The world is truly a global village. Today, it is routine for a bank founded in Lagos, Nigeria, to raise capital in London by issuing Eurobonds and using those $ investment to buy ATMs with software designed in California, built in China and transported on a ship owned by the California Pension fund, licensed in Libera and captained by a Philippine crew.
If you walk to your fridge in Kano and open it, chances are you will find products from Coca Cola of America; if you go to your sitting room, the TV was assembled by Samsung of South Korea with content streaming via DSTV of South Africa. Your Apple iPhone was made in Vietnam, your generator by Honda of Japan, and your wallet has a Mastercard from the US. You are a global consumer of brands and services. You may buy your cocoa drink from Nestle Nigeria Plc; that cocoa is probably grown in Oyo by Nigerian farmers, but it is sold by a company majorly owned by a Swiss firm.
What about your investing?
Do you invest locally or globally? Why is it even important to invest globally? Let talk about two topics: Risk, and Asset Allocation.
Risk is volatility, i.e. a numerical expression of uncertainty. Risk in investing means you are not sure of investment outcomes including safety of invested capital. When you invest in the shares of a single company, you can lose 100% of that investment. What if you invest in two companies? Well, simplistic math says the probability of you losing all your capital falls to 50%. A portfolio of a basket of securities has lower volatility, i.e., less risk than a single holding. So, in investing, the maxim holds, don’t put all your shares in one basket.
[READ MORE: Global stocks tumble on “Corona” sell off)
What about asset allocation?
Asset allocation aims to build you a basket that matches your Age, Risk Profile and Investment Objectives. If you are a younger investor, best practices in asset allocations will propose a portfolio to you designed to be overweight in equities than bonds. If you have an aversion to risk, asset allocation will propose a portfolio selection based on fixed income securities.
The global investor can reduce his investment risk by expanding the available pool of investments to include globally issued securities, and this is done via buying Exchange Traded Funds (EFT), a class of investment securities that offers the diversification effects of Mutual Funds but allow trades to be made during trading hours, unlike Mutual Funds that trade at the end of day using Net Asset Values (NAV). The ETF chosen are all index ETF, meaning they track the performance of that identified index; being passively managed means less management fee.
How do we build the portfolio fit for the 22nd century for a global consumer and investor? In a world of investment complexity, you need simplicity, frugality and impact. it’s simply too expensive and time-consuming to research all stocks and opportunities. With ETFs, it’s now possible to invest in a targeted manner to take advantage of a specific demographic, sector or opportunity.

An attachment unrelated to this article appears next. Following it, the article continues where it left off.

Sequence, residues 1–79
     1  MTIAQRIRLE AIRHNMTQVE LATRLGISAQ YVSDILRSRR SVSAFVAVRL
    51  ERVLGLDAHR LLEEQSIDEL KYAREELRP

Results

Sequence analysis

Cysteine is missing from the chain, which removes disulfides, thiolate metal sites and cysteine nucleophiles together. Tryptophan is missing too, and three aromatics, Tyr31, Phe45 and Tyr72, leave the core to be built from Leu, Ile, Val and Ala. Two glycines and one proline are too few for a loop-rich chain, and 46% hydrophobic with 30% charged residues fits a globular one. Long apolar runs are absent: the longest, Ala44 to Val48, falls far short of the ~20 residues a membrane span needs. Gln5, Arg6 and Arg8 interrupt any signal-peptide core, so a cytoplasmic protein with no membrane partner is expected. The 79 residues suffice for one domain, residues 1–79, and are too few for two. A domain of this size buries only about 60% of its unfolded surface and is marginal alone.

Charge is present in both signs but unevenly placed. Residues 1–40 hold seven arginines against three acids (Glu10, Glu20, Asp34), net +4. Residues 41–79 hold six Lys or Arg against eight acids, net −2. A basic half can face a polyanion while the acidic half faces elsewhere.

There are just two types of investment options, Fixed income like Bonds, where the returns are known in advance, and Variable income like Equity where the investment returns cannot be determined in advance. Below are my recommended ETFs for the global investor. Please note all yields are quoted in USD for uniformity.
Global X MSCI Nigeria ETF tracks the return on the Nigerian Stock Exchange’s most liquid 30 stocks. Expense ratio of 0.88% 5-year return of -16.40%.
VETIVA S & P Nigeria Sovereign Bond ETF, tracks the performance of local currency-denominated sovereign bonds in Nigeria. It has dividend yield of 5.78%.
Vanguard Total Stock Market ETF VTI tracks over 3,500 US stocks, the index aims to represent the entire US Equity market with an expense ratio of 0.03% 5-year return of 8.72%, with dividend yield of 2.35%.
Vanguard Total International Stock (VXUS) mirrors the investment return of stocks issued by companies located outside the United States. Total expense ratio is 0.09% with a 5-year return of 2.55%.
Vanguard Total World Stock ETF (VT) tracks well established and still-developing markets, both US and foreign stocks. It has an expense ratio of 0.09%, and 5-year return of 5.85%.
Vanguard Total Bond Market ETF (BND) tracks a wide spectrum of public investment grade securities in the US, with an expense Ratio of 0.04% and YTD return of 3.89%
Vanguard Total World Bond ETF (BNDW) Broad, diversified exposure to the global investment-grade bond market. Expense ratio of 0.06%, YTD return of 3.25%.
Next thing to do is simply select from our table and build a portfolio fit for investment purpose.
E.g., Ade, a 25-year-old seeking to invest for his retirement 30 years from today, can build a portfolio of 80% Variable Income and 20 % fixed Income.
[READ ALSO: Equities: A bullish run to start the year)
This portfolio makes Ade a shareholder in every large company in the world; he participates in equity dividends as well as coupons from the US and Nigerian governments. His average cost, if he invested $100, is about .027%.
Do note there are many asset allocation models and investment options also available to Ade. He can select ETFs that pay a dividend, that invest in SME, or even in a specific sector like biotech.